The U.S. military has launched another air strike in Yemen - this time against a meeting of al Qaeda operatives. As with earlier strikes in Yemen, no one in the U.S. government will officially acknowledge that it took place, but these strikes are part of a stepped up campaign against al Qaeda in the Arabian Peninsula, the organization which allegedly dispatched Nigerian national Umar Farouk Abdulmuttulab to bring down an airliner over Detroit on Christmas Day.
The strike took place Monday night, just as the New York Times was revealing the contents of a secret order signed by Gen. David Petraeus directing the military to step up its intelligence operations in countries throughout his area of command, which stretches from Yemen to Pakistan and includes Iran as well as Iraq and Afghanistan.
The order was issued last September, and since then U.S. military operations in Yemen have taken out a number of senior al Qaeda operatives - although not enough to stop the near-miss on Christmas Day. Yemen is a friendly country (more or less), so both the increased U.S. military presence and the air strikes have the blessing of the government there. But the order covers hostile countries as well. That means small teams of special operations forces could infiltrate countries like Iran or Syria to gather intelligence that could be used if it ever comes to war.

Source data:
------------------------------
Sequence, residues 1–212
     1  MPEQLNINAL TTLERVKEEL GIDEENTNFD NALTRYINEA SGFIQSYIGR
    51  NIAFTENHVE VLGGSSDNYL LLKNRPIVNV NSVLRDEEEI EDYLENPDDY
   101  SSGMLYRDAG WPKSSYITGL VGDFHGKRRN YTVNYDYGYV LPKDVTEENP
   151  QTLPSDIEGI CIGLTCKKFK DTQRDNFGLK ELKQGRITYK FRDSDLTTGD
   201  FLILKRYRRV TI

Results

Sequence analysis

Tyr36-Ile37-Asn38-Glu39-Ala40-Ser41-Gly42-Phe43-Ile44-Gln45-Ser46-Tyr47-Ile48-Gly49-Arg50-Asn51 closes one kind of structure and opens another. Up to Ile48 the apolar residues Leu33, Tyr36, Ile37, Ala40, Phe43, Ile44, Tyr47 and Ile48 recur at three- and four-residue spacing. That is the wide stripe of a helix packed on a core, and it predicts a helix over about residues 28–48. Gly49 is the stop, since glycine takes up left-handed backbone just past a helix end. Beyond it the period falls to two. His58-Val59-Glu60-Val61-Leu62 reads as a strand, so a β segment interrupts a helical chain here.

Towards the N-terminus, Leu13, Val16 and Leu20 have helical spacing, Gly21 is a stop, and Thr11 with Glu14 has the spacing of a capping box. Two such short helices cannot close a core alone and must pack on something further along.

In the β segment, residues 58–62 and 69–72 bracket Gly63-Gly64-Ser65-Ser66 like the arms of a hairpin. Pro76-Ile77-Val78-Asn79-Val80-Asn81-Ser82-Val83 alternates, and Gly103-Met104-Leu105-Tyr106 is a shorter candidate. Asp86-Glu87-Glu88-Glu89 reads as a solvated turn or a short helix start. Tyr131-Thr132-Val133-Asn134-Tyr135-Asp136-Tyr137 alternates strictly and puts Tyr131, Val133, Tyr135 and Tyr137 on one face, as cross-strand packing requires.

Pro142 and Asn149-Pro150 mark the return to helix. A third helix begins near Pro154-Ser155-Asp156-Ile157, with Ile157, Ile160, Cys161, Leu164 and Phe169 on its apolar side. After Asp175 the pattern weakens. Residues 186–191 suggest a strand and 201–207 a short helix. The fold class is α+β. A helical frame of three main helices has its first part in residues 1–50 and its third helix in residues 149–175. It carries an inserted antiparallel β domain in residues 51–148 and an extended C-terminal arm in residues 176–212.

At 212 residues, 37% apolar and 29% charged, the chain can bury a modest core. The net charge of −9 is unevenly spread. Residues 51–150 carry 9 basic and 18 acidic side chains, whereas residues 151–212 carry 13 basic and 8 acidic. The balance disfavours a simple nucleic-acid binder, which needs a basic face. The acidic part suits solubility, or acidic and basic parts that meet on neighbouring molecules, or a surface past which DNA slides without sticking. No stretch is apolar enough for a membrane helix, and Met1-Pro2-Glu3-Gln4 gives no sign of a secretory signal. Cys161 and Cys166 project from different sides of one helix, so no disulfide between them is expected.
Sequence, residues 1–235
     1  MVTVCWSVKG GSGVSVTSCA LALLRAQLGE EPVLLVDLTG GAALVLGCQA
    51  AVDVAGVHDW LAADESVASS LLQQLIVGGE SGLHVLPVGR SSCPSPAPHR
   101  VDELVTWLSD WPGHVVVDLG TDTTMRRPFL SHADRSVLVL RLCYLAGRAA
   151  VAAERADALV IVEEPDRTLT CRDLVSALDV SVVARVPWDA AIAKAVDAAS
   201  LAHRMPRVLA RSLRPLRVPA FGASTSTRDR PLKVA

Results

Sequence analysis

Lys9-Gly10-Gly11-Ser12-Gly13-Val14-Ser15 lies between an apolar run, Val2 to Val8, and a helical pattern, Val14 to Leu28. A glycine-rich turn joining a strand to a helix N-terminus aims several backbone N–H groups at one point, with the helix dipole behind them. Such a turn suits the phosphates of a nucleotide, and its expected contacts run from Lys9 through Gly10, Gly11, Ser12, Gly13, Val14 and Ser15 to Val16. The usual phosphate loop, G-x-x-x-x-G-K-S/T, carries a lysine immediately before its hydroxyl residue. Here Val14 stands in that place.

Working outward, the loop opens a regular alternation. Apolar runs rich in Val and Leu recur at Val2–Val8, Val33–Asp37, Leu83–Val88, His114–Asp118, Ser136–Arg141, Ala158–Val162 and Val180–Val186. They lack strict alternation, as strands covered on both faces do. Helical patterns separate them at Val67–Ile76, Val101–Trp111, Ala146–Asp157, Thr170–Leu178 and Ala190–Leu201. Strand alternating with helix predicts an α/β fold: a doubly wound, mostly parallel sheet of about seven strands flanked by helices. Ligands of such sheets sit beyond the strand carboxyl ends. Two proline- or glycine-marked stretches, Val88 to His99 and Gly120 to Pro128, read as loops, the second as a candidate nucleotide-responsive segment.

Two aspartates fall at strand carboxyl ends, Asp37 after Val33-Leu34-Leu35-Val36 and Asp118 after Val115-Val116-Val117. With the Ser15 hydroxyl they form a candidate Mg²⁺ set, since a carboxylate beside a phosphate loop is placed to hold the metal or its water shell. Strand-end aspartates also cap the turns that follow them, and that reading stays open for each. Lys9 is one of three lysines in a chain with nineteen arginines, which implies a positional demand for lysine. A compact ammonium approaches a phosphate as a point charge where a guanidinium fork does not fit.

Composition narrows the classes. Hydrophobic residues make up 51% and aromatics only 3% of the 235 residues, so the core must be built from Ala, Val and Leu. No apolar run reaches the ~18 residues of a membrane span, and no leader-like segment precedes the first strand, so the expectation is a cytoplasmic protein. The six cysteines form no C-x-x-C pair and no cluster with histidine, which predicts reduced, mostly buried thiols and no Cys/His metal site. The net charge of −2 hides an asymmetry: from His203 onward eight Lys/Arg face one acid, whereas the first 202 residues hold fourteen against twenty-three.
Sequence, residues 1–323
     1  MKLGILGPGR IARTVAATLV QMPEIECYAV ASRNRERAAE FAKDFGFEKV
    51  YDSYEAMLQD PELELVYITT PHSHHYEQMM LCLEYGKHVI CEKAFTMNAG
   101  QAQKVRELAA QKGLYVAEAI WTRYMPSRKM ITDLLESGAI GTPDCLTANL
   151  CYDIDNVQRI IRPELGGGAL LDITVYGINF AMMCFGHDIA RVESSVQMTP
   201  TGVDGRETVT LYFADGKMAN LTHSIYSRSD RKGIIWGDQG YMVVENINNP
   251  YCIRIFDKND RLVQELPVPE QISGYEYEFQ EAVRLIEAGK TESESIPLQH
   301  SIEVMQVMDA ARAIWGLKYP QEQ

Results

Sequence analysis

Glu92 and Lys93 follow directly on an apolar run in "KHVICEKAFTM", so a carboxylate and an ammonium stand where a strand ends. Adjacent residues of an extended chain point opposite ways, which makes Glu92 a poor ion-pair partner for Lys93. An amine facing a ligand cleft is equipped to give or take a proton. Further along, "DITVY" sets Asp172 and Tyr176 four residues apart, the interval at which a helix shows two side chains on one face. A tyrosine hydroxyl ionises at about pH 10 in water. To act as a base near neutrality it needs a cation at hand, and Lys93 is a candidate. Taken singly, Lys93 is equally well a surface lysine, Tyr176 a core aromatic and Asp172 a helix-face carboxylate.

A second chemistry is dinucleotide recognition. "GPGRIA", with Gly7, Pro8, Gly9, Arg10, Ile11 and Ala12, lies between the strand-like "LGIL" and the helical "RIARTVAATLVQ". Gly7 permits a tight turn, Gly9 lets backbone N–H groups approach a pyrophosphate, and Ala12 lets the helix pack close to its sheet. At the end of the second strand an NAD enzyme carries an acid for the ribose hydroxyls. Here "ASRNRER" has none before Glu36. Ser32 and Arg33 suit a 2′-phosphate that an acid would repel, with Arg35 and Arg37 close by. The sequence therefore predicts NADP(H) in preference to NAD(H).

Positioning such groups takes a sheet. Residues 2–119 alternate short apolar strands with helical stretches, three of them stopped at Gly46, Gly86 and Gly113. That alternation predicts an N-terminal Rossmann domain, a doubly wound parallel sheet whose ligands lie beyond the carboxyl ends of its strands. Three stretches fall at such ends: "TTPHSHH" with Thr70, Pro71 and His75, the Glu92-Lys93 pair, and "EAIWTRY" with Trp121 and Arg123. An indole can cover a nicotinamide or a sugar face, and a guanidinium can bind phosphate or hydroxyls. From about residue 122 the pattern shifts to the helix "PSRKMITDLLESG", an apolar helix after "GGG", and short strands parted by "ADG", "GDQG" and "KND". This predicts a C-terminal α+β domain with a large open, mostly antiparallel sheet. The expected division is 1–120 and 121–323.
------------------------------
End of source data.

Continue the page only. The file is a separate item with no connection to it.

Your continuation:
Of course, the U.S. military has been conducting clandestine operations around the world ever since 9/11. But this order signals a step up in those operations throughout the Middle East. So far, the only new operations to come to light are in Yemen, and this latest air strike offers a reminder of the risks involved. Although the target was a meeting of al Qaeda operatives, one of the people killed was a local government official who showed up at the meeting. The Yemeni government says he was there as a mediator, trying to persuade members of al Qaeda to lay down their arms. We don't know for sure why he was there, but, whatever the reason, his death provoked members of his tribe to blow up a crude oil pipeline - and no doubt convinced them that America truly is the Great Satan.
U.S. operations in Yemen are secret because the government there does not want to publicly admit to receiving American help or acquiescing in air strikes on its soil. The strikes are always described by Yemeni officials as "government strikes." It's a flimsy fiction since no one credits the Yemeni military with having the technology or training to carry out precision air strikes. But the Yemeni government brings one thing to the game that all of America's technology and firepower can't - knowledge of the culture and the people.
Military operations always have unintended consequences. This latest air strike is a case in point. The debate is always over whether military action creates more terrorists than it kills by inflaming anti-American sentiment, and that's always hard to measure. But the bottom line question is very simple - does it stop terrorist attacks against the U.S.